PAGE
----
Riding the Roller-Coaster - What's Next for US Farm Policy?
summary Changes in the balance of political power and in budgetary constraints create a roller- coaster in US agricultural policy with shifts between more and less government intervention, higher and lower spending, and more or less liberal approaches to international trade. The suspension of the WTO negotiations and the replacement of a Republican by a Democratic majority in the Congress have created a different political climate from the last Farm Bill in 2002. The economic picture is also very different with less public money to lavish on farmers and less pressure to spend, particularly since many farmers are benefiting from higher crop prices driven by rapidly expanding bio-energy production. With weak internal and external pressures for change, the new legislation is unlikely to depart radically from the 2002 Farm Act or to be crafted to accommodate future international commitments. There could be some movement away from price-based support to measures that target revenue, primarily because future payments are likely to be low if prices for farm products remain strong. But the policy roller-coaster is unlikely to promise an exciting ride for those who would like to see a change in priority from price and income support towards environmental and other aims and towards greater market orientation. Copyright The Agricultural Ecomomics Society and the European Association of Agricultural Economists 2007.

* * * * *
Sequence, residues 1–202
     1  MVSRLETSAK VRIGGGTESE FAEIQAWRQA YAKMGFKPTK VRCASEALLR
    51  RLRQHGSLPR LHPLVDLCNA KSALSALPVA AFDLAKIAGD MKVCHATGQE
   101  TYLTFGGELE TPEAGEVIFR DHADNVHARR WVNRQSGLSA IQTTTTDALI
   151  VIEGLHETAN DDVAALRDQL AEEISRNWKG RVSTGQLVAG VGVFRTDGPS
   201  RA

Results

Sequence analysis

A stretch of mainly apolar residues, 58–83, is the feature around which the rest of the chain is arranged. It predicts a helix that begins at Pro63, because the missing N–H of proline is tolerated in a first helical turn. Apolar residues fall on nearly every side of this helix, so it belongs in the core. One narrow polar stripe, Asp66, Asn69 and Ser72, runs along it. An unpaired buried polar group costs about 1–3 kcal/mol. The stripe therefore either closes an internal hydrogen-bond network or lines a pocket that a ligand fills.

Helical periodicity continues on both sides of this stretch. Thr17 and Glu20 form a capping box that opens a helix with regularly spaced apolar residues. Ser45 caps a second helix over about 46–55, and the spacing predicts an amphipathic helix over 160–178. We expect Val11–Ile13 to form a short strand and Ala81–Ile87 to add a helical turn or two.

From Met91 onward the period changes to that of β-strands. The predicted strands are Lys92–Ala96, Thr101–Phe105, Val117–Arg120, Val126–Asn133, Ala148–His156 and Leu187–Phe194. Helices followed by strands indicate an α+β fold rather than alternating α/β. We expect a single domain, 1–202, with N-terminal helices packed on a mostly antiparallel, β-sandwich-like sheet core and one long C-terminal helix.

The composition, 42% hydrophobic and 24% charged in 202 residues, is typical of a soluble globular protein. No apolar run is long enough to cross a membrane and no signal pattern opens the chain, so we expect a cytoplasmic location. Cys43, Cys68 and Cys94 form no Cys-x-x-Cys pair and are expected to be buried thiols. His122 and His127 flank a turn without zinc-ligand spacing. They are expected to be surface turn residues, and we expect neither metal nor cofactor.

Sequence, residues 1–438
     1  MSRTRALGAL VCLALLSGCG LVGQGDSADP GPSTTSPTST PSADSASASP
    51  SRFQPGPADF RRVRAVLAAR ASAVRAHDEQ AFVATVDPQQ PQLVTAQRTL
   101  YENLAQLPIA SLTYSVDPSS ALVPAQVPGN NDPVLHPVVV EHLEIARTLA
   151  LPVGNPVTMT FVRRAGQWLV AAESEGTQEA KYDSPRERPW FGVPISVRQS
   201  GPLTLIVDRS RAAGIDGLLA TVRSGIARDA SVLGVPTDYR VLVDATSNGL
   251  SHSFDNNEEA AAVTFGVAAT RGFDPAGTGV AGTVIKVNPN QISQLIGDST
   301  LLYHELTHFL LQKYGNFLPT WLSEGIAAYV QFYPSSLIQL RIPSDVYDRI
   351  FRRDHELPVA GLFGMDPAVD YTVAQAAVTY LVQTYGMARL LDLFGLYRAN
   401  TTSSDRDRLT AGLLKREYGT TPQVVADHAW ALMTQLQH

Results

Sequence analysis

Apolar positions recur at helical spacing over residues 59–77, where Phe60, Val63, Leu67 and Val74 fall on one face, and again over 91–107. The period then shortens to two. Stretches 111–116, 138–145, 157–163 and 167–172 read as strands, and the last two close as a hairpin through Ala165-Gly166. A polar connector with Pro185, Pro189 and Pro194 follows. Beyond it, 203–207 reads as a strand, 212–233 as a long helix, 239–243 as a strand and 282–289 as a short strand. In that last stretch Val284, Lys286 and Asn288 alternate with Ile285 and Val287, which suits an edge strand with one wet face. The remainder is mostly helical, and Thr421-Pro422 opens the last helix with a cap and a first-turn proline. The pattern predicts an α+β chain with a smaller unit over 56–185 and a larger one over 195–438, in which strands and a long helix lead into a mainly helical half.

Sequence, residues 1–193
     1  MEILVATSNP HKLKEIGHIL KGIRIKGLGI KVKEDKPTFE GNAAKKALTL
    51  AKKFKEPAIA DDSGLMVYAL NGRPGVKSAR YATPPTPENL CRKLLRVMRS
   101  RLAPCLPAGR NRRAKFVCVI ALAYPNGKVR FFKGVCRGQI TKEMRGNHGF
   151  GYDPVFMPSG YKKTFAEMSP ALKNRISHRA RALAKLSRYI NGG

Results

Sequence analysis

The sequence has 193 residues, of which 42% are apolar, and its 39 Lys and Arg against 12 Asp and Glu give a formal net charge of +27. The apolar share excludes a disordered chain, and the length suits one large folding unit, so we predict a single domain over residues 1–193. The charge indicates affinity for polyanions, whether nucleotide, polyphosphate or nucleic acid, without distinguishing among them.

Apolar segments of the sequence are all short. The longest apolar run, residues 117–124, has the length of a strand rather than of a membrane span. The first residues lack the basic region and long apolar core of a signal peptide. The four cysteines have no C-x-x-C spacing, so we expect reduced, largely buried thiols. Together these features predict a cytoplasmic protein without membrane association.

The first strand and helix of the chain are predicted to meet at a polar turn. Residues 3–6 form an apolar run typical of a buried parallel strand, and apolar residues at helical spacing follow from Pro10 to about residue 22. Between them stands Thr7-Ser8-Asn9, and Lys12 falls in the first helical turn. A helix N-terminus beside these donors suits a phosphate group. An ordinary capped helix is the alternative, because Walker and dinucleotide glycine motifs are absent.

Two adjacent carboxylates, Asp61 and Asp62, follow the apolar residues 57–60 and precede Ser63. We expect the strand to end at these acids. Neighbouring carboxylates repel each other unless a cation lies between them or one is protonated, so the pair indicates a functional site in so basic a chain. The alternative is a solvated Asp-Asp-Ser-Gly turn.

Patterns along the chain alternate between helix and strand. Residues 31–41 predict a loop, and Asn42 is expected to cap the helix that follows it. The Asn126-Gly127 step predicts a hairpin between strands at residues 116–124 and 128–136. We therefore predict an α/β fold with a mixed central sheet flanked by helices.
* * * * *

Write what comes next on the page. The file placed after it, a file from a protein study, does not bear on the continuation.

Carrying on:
If you experience problems downloading a file, check if you have the proper application to view it first. In case of further problems read the IDEAS help page. Note that these files are not on the IDEAS site. Please be patient as the files may be large.
As the access to this document is restricted, you may want to look for a different version under "Related research" (further below) or search for a different version of it.
Volume (Year): 6 (2007)
Issue (Month): 2 (August)
|Contact details of provider:|| Web page: http://www.blackwellpublishing.com/journal.asp?ref=1478-0917|
More information through EDIRC
|Order Information:||Web: http://www.blackwellpublishing.com/subs.asp?ref=1478-0917|
When requesting a correction, please mention this item's handle: RePEc:bla:eurcho:v:6:y:2007:i:2:p:20-25. See general information about how to correct material in RePEc.
For technical questions regarding this item, or to correct its authors, title, abstract, bibliographic or download information, contact: (Wiley-Blackwell Digital Licensing)or (Christopher F. Baum)
If you have authored this item and are not yet registered with RePEc, we encourage you to do it here. This allows to link your profile to this item. It also allows you to accept potential citations to this item that we are uncertain about.
If references are entirely missing, you can add them using this form.
If the full references list an item that is present in RePEc, but the system did not link to it, you can help with this form.
If you know of missing items citing this one, you can help us creating those links by adding the relevant references in the same way as above, for each refering item. If you are a registered author of this item, you may also want to check the "citations" tab in your profile, as there may be some citations waiting for confirmation.
Please note that corrections may take a couple of weeks to filter through the various RePEc services.